Shoulder Impingement Syndrome
Shoulder impingement is a condition that results from the rotator cuff and the bursa pushing upward against a portion of the shoulder blade called the acromion
This area of the shoulder is referred to as the point of the shoulder or the upper outer aspect of the shoulder.
The shoulder impingement syndrome is a complex situation that involves a number of structures and processes. These would include inflammation of the bursa, which sits on top of the tendons and inflammation in the tendons of the rotator cuff themselves.
Inflammation in this area can be caused by injury or perhaps more commonly by wear and tear of the shoulder tissues.
A tear in the rotator cuff tendons is usually the result of impingement existing over a period of time.
Signs and Symptoms
There is no single initiating event in the cause of shoulder impingement syndrome. It can come on slowly and result only in some occasional soreness usually in the front part of the shoulder. Mild weakness in the shoulder is often ignored, as is loss of range of motion and the ability to lift the arm overhead. Movement of the shoulder may be mildly or severely painful.
A tear of the rotator cuff can be part of the shoulder impingement syndrome complex. This is often characterized by sufficient weakness that the arm cannot be held outward from the shoulder against any resistance. However, shoulder impingement can exist without a tear in the rotator cuff. A tear in the rotator cuff may be thought of as an end stage of impingement syndrome.
It is usually not possible to have tendonitis in the shoulder without bursitis also being present as the tendon and bursa structures are intimately related to one another. (See Online Orthopaedics web site articles pertaining to shoulder pain and the rotator cuff).
Almost anyone can get shoulder impingement syndrome. You do not have to be an athlete or industrial worker to have the problem. People develop these problems at home more frequently than they do in sports or at work.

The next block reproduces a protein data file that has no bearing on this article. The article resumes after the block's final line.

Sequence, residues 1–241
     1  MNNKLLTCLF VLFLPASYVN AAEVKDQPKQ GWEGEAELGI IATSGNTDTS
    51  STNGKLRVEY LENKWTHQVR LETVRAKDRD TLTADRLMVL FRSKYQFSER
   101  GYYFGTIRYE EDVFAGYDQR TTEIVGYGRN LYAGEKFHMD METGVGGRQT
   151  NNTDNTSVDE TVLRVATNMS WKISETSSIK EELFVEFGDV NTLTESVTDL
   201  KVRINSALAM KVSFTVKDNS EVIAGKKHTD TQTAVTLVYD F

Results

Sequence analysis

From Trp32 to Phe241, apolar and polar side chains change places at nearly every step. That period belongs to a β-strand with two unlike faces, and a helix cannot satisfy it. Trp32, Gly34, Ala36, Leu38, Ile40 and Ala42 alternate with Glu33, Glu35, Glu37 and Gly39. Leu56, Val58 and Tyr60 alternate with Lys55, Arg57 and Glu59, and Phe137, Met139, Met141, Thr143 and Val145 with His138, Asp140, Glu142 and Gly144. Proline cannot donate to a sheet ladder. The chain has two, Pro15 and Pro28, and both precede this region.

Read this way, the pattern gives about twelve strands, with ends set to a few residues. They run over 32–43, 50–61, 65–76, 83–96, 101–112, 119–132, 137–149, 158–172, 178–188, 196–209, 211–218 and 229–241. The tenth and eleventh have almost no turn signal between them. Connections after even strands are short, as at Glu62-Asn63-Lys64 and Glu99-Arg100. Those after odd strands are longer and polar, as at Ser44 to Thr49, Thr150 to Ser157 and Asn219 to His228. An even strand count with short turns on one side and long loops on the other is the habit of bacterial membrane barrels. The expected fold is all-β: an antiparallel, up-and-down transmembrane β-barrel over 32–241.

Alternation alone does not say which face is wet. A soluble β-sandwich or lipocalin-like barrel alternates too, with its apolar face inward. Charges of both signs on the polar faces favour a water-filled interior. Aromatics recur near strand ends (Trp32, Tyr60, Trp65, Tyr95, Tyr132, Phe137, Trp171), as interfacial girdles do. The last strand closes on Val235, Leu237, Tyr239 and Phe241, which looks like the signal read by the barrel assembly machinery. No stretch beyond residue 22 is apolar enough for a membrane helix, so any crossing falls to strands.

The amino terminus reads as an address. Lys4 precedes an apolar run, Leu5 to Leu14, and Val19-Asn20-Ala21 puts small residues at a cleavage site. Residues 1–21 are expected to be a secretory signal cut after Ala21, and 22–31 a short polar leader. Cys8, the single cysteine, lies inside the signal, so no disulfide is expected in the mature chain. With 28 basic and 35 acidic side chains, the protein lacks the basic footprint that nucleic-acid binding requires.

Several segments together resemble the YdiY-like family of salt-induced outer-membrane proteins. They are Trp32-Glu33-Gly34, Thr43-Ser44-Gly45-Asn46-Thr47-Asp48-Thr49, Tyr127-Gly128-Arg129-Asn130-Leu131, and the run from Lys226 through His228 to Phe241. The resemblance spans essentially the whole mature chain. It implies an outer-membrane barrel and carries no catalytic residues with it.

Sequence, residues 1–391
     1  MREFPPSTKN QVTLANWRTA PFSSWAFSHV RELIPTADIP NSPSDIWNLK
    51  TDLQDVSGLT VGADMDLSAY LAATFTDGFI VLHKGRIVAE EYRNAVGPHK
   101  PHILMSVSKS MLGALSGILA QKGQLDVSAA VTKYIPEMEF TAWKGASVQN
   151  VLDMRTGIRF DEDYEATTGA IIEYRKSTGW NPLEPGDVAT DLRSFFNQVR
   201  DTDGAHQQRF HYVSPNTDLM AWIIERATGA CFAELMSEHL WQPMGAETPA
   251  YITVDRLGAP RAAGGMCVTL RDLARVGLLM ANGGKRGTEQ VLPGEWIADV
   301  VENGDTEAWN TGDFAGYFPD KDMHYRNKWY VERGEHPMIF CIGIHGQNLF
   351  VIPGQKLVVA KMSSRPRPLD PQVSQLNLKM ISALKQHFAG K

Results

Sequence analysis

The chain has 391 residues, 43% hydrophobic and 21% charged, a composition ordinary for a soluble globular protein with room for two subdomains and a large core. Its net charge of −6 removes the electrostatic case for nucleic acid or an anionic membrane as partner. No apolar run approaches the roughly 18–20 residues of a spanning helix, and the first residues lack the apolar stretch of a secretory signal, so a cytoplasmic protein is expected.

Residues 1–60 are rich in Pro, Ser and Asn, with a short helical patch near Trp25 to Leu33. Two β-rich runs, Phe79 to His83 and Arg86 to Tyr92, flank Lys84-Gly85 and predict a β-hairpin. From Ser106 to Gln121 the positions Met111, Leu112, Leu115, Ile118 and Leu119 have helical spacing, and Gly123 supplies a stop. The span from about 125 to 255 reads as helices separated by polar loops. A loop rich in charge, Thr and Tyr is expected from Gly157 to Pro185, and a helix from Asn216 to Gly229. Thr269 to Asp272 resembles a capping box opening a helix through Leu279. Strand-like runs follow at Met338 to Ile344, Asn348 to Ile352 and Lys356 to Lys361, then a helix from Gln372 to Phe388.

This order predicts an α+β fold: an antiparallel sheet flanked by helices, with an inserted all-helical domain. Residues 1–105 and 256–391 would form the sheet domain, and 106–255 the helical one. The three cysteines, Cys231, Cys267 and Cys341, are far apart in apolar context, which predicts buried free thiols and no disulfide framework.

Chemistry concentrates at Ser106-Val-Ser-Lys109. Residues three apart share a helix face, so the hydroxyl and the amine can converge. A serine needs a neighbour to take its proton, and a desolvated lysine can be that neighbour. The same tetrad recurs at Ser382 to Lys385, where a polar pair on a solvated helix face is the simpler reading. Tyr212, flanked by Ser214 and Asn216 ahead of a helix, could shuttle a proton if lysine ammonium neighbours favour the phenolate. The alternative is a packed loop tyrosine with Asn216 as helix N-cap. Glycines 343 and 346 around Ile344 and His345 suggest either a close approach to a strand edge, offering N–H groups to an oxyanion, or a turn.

Bursitis is common in persons who excessively use the shoulder, for example, while pitching a baseball; however, it is also common in people who are painting or washing windows. Those in middle age or older are more prone to develop bursitis.
Tendonitis seems to develop over time in persons whose muscles are not in good condition or in younger persons who have over used the arm and shoulder.
- Rest is the recommended initial treatment.
- Ice to the affected area can be very helpful as well as anti-inflammatory medications.
- Sometimes the physician will prescribe physical therapy
- Sometimes the physician will suggest a steroid injection in the shoulder.
Symptoms from tendonitis, which very frequently accompany bursitis, are treated in a very similar way.
Diagnosis of Torn Rotator Cuff
Currently a torn rotator cuff is diagnosed in one of two ways. A shoulder arthrogram is sometimes done in which a contrast agent is injected into the shoulder, followed by a period of gentle exercises and plain x-rays of the shoulder.
MRI studies of the shoulder can also diagnose a rotator cuff tear and the study is sometimes done with or without a contrast injection. This would be at the discretion of the ordering physician or the radiologist. Sometimes the addition of MRI contrast material (Gadolinium) can greatly increase diagnostic accuracy.
More Advanced Treatment
If the initial attempts at treatment including rest, physical therapy, injection and medication are not successful, surgery is sometimes suggested.
In some cases, arthroscopic surgery can be done to relieve the condition and even possibly repair ligaments. This can be done perhaps one third of the time. In the other two thirds surgery is usually required in the traditional way of open surgery to decompress the shoulder and/or repair torn rotator cuff tendons.
In my experience, surgery for this type of shoulder problem has been very helpful in relieving the patient's symptoms. I think it is one of the more successful types of surgery done by most orthopaedic surgeons. This is true whether the surgery is open or arthroscopic.
If someone has been improved with conservative treatment or has required surgery, certain adjustments need to be made for maintenance of improvement in the future.
It may take several months to improve sufficiently to resume some activities. Whether the person would be able to successfully resume any and all activities that they wish to participate in is frequently uncertain.
In my experience successful shoulder surgery of this type is accompanied by the patient making certain adjustments in their expectations of what the shoulder can do and what they can participate in. This is not to say they have to give up all activities to maintain their improvement. This would depend on the overall success of the treatment and how strenuous the activities are that the person wishes to participate in.
In most cases, the outlook is favorable and the patient is satisfied with the treatment.